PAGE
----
Atheists can make a pretty good argument that with all of the constant disasters and accidents and suffering inherent in the universe, there can’t be a creator or anyone else in charge.

    Both groups above are looking at the exact same historical evidence you are looking at. They have arrived at their beliefs because of their biases. I make the case that you also arrive where you are because of your preconceived notions, which are your biases. That is why I question your claim of impartiality. I do not claim it. I cannot understand how anyone could be impartial when discussing God.

    Liked by 1 person

    • I am sorry for the delay in answering.

      No problem at all.

      When I read Paley, other than your ” Contrivance proves design, and the predominant tendency of the contrivance indicates the disposition of the designer.”, I find that you and he have nothing else in common. Again please correct me, if I am in error.

      Well, Paley was a Christian apologist.

      These men, starting from a basic belief in God and a belief in his goodness, used the observed workings of the mechanical universe to justify their beliefs.

      Absolutely. This was Christian natural theology, and it was (and remains) deeply, deeply flawed by way of persuasive argumentation. Paley, for example, wrote: “A bee amongst the flowers in spring is one of the most cheerful objects that can be looked upon. Its life appears to be all enjoyment; so busy, and so pleased.” I say flawed because under the microscope, the bee’s outer body is found to be infested with the ferocious varroa mite, their airways riddled with impatiently greedy acarine (tracheal) mites, their intestines ravaged by the veracious nosema apis, and their hives, where some degree of safety should at least be expected, is instead crowded with gluttonous bacillus larvae and the hideous Brood Disease.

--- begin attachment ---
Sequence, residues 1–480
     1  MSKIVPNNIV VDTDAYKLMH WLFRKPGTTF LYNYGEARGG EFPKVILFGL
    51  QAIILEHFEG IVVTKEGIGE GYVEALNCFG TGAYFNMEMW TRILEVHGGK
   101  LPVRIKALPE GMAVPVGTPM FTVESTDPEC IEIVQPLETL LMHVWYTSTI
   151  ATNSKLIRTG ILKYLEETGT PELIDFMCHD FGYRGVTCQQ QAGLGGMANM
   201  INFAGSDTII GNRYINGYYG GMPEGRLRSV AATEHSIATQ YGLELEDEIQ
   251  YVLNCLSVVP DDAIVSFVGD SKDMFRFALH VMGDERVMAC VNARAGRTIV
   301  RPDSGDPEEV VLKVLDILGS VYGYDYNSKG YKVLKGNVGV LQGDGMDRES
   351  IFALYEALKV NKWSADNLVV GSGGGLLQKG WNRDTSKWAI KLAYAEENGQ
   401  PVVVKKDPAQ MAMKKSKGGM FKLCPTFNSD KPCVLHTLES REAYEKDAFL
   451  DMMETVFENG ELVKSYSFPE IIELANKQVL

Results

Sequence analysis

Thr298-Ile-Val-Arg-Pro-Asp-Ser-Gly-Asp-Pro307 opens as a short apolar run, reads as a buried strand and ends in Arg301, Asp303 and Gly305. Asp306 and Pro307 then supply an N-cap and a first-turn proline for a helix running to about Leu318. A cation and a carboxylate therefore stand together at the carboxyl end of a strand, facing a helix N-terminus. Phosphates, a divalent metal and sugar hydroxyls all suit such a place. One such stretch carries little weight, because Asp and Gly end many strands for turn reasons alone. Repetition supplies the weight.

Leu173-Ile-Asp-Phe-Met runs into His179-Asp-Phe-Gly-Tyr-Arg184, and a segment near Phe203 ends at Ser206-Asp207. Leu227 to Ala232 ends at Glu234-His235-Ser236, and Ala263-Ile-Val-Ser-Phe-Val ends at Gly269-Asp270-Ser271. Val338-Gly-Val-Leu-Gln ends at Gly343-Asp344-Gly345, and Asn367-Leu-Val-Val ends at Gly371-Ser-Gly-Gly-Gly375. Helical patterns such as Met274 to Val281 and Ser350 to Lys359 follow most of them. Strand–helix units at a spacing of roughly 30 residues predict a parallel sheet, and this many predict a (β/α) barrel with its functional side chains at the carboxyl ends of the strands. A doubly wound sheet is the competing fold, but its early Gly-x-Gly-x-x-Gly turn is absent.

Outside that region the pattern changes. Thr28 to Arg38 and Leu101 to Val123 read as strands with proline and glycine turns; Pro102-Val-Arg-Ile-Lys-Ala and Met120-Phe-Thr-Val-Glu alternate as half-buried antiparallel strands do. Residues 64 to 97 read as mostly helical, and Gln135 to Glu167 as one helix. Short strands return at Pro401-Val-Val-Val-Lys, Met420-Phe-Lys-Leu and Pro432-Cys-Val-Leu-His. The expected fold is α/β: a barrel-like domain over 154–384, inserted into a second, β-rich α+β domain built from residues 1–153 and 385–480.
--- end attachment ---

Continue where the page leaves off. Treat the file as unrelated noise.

Natural theology was naturally blinded. It looked at the “natural world” but did not, actually, look at the natural world. That world is as David Barash noted:

      “Although the natural world can be marvellous, it is also filled with ethical horrors: predation, parasitism, fratricide, infanticide, disease, pain, old age and death — and that suffering is built into the nature of things.”

      That suffering is built into the nature of things is precisely what Paley, and others, simply ignored.